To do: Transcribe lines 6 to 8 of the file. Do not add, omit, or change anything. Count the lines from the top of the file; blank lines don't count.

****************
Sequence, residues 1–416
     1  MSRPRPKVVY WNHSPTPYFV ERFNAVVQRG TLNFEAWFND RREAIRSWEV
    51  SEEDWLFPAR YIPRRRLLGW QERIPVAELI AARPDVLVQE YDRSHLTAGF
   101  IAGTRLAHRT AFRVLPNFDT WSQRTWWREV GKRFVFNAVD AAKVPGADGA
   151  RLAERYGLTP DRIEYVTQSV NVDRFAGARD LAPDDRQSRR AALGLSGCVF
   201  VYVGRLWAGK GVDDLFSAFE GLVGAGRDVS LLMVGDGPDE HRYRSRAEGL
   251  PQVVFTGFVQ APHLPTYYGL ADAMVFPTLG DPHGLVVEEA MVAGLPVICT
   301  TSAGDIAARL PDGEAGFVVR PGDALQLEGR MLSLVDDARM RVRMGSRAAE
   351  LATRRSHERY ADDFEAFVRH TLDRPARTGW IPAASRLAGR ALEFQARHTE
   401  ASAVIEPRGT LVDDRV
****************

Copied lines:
   201  VYVGRLWAGK GVDDLFSAFE GLVGAGRDVS LLMVGDGPDE HRYRSRAEGL
   251  PQVVFTGFVQ APHLPTYYGL ADAMVFPTLG DPHGLVVEEA MVAGLPVICT
   301  TSAGDIAARL PDGEAGFVVR PGDALQLEGR MLSLVDDARM RVRMGSRAAE